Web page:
Crap.... sorry. Forgot to ask if it was a modem/router combo. So your diagram above is exactly right, the only thing that needs to change is the gigabit router should be replaced with a gigabit switch. The switch will allow the traffic to flow across the network at the needed speeds, but does not have the same logic as a router. switches purely serve to split a network connection so that more ports are available for more computers. They are also considerably cheaper than most good routers.

Regarding your wife's system, as long as there is nothing else connected to any of the PCI slots, the Gigabit LAN card will operate at it's full potential. PCI slots provide a maximum shared bus bandwidth of 133MBps. The maximum theoretical transfer rate of a Gigabit LAN connection is 125MBps. If there is anything else connected, the LAN connection will be affected, but should only be affected while moving files internally across your LAN. Downloading anything from the internet should continue running at full speed, though it may be slowed slightly during any internal media transfer. It will only cut into the internal transfer speed by potentially as fast as your internet connection allows you to download files. For example, if you're moving a bunch of data over the LAN, and also trying to download a game or movie (via a legal method of course) and your DSL connection is rated at 10Mbps, your internal transfer will be slowed by roughly 1.25MBps (given 1 Megabyte per second (MBps) = 8 Megabits per second (Mbps)).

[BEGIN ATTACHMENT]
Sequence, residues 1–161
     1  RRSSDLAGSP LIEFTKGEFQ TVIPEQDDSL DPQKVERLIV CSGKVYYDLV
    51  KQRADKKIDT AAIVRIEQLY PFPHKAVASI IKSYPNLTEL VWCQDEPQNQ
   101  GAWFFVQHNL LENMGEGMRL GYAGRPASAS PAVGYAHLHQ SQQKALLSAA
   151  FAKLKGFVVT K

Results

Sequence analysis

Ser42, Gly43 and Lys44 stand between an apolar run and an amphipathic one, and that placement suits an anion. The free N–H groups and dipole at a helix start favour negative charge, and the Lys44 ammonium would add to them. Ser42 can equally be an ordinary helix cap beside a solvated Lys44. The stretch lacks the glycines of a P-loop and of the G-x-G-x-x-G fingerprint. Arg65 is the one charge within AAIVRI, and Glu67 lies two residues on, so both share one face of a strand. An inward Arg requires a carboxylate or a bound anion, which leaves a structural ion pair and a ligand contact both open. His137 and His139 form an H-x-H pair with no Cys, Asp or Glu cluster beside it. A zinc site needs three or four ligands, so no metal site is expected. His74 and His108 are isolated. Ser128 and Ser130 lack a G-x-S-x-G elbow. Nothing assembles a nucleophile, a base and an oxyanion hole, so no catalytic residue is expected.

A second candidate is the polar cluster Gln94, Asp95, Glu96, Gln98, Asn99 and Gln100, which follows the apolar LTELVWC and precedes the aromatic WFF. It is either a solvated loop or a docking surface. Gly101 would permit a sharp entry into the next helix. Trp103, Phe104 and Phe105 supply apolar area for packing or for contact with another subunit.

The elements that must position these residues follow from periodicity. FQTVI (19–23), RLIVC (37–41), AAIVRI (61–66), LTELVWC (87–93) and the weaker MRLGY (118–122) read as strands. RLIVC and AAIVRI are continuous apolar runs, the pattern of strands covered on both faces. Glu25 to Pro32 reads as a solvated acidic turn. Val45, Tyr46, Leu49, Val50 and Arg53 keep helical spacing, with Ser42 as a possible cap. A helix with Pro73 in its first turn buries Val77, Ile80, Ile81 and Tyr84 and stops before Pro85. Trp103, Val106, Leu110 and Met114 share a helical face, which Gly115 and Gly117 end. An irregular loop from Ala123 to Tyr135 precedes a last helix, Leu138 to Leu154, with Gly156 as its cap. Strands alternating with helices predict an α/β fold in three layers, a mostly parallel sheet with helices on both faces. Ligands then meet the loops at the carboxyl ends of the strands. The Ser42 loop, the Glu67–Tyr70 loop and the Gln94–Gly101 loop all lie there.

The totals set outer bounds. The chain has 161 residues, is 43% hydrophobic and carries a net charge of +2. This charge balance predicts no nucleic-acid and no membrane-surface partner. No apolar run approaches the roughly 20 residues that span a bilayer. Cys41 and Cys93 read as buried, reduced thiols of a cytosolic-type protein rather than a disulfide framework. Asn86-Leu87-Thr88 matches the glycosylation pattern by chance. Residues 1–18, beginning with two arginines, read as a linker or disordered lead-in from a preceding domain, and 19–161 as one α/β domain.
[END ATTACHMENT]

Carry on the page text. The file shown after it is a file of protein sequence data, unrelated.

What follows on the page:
With this setup, you should also be able to continue downloading at the full speed of your internet connection (or at least very close to it), even while moving large media files from one PC to another. The traffic doesn't even make it to the router if it's going between your computers. It only flows through the gigabit switch, as it does not need to go back to the actual access point (your router/modem unit).
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May 15, 2011 5:49:09 PM

cool... exaclty what i needed to know man.. thanks